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Harambee literally means "all pull together" in Swahili, thus the Annual Tarrant County Harambee Festival pulls the citizens of North Texas together for a fun filled day of food, fun, music, and health and cultural awareness in celebration of our shared history. Traditionally held every 1st Saturday in October, the festival is "free to the public" and is preluded by it's Annual Seafood, Chicken and Blues Festival on the preceeding Friday night. The festival attracts 5,000+ attendees during the two day event.
The Annual Tarrant County Harambee Festival is presented by Tarrant County Black Historical and Genealogical Society (TCBH&GS). TCBH&GS is a non-profit organization whose mission is to locate, collect, analyze, organize and preserve African-American historical contributions that's used to educate, empower and interpret, the African-American experience through art, history and culture in the areas of education, science, business, politics, sports, art, music, and performing arts in Tarrant County. TCBH&GS is headquartered in the Lenora Rolla Heritage Center Museum located at 1020 East Humbolt Street, Fort Worth, Texas 76104.
Monday - Friday
10:00 a.m.-3:00 p.m.
The Annual Tarrant County Harambee Festival is the brain-child of Deborah Tate-Lewis, conceived in 2008 and brought into fruition in 2010. The festival was conceived as a means to bring awareness to the Evans Avenue Plaza and the Terrell Heights Community, and to offer the community a free event that promotes love and harmony to bridge the gap between people of all colors. With the help of then Council Lady Kathleen Hicks and the TCBH&GS Board of Direcgtors, Ms. Sarah Walker, Ms. Jayn Higgins, Ms. Kenya Sturns, Ms. Marva Easter, Ms. Cheryl Thomas, Ms. Kate Lattimore, Ms. Beverly Oakes, Mrs. Brenda Sanders-Wise, and Mr. Vincent Battles, the inaugural festival was a huge success. It is now a major fundraiser for TCBH&GS.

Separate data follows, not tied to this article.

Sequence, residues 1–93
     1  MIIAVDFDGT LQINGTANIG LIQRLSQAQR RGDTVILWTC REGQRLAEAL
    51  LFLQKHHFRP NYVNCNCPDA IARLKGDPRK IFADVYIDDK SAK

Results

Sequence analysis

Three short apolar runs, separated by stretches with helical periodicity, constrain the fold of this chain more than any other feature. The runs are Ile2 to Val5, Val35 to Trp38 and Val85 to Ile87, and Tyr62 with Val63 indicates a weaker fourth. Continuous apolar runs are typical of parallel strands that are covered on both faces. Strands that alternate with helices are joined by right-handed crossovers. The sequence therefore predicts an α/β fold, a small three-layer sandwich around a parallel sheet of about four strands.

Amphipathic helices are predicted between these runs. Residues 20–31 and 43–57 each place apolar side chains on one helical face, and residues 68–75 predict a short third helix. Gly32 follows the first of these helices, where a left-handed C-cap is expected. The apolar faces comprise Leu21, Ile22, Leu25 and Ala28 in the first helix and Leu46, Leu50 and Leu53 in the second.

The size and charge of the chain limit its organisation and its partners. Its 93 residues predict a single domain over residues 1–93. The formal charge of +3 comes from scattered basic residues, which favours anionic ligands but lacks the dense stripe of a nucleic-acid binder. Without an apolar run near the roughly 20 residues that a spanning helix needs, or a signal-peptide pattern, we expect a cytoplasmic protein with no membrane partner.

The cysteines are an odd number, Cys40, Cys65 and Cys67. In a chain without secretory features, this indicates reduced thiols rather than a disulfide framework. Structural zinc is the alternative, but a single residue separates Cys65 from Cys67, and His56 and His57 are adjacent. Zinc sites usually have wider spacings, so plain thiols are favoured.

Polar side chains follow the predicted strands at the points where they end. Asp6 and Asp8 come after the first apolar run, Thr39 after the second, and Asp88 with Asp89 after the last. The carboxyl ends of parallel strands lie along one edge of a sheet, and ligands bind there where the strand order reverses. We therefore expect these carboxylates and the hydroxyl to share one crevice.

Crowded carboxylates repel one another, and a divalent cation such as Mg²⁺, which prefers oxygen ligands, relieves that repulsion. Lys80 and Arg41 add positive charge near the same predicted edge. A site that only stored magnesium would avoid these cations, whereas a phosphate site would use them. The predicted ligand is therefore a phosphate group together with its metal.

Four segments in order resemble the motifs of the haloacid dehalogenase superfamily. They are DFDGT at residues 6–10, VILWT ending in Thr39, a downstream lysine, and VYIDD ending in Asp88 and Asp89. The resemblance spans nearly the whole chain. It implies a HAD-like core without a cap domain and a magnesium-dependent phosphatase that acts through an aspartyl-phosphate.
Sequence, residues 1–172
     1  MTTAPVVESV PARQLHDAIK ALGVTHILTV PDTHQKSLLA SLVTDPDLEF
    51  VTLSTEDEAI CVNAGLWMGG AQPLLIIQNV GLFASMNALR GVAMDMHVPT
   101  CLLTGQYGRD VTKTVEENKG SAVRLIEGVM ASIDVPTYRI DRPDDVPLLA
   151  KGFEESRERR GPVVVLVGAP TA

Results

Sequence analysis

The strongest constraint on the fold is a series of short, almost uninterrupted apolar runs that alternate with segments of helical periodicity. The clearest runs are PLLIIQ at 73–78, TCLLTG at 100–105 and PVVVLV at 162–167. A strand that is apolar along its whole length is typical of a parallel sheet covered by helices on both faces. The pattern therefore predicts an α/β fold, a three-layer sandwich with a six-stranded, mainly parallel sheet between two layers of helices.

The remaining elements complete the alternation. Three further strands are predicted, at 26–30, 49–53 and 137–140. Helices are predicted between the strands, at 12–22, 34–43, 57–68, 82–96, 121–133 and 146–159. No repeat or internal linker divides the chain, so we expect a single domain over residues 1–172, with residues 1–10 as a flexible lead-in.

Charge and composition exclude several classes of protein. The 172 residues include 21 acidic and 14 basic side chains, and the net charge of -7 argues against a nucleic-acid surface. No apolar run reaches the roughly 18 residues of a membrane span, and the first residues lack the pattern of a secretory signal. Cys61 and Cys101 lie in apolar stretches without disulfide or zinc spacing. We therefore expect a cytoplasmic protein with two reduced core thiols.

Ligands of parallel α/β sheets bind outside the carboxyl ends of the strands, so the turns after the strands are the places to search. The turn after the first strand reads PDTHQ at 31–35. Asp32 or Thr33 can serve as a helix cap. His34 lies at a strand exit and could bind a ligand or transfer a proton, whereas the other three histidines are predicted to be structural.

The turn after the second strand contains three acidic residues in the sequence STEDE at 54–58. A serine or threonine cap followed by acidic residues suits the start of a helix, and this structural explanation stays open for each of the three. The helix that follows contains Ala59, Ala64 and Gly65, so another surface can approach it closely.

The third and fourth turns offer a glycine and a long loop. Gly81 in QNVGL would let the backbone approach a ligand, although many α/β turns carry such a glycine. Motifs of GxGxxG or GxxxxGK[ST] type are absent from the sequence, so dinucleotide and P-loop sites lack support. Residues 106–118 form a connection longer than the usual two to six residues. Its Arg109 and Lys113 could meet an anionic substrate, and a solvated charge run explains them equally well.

The festival began as a one-day event that included local professional entertainment, community talent showcase, the Kidz Zone and cultural awareness activities. Over the past decade, the festival has been nurtured by the TCBH&GS Board of Directors, the Tarrant County Harambee Festival Steering Committee, and many community volunteers; and with the support of sponsors, partners, and vendors, the festival has expanded into a two-day event that's evolved as follows:
- 2010 Inaugural Annual Tarrant County Harambee Festival
- 2011 Annual Health and Wellness Expo
- 2011 Annual Anti-Bullying Rally partnership with FWISD
- 2012 Annual Parade
- 2013 Annual Outstanding Achievement Award
- 2014 Annual Poetry Slam hosted by Michael Guinn
- 2018 Annual Friday Night Seafood, Chicken & Blues
- 2020 Virtual Festival Streaming Live on Social Media
- 2021 Change location to the William M. McDonald YMCA
- 2022 Greek Awareness Stroll
A warm-hearted thanks to all of our stakeholders playing a vital role in the growth and continuity of the festival.
The Location... McDonald YMCA and immediate vacinity
The William M. McDonald YMCA is located at 2701 Moresby Street in the Renaissance Heights Community on the Southeast side of Fort Worth, Texas.
In 1903, the first YMCA was organized to serve Fort Worth’s African American community, and in 1919 the branch became a part of the Fort Worth YMCA. This rented space was small and insufficient in serving the city’s growing population of minority youth. This community need came to the attention of William Madison “Gooseneck” McDonald, a well-respected politician and businessman who is widely regarded as the first Black millionaire in Texas. He established the first African American owned bank and built a substantial business empire in what was known as downtown Ft. Worth’s Black Business District. In 1944, McDonald purchased an old hotel building at 1600 Jones Street and donated it to the organization. It was subsequently renamed the McDonald YMCA and was used from 1944 to 1971.
The McDonald YMCA moved to its Berry Street location in 1971 and merged with the Southeast YMCA to become the McDonald Southeast YMCA in 2013. The McDonald Southeast YMCA relocated to its present 36,500 square feet state of the arts facility in January of 2019 and now bears the full name of its most generous donor William M. McDonald YMCA.
It is our great honor to celebrate the legacy of Mr. William “Gooseneck” McDonald in this year’s location of the Tarrant County Harambee Festival.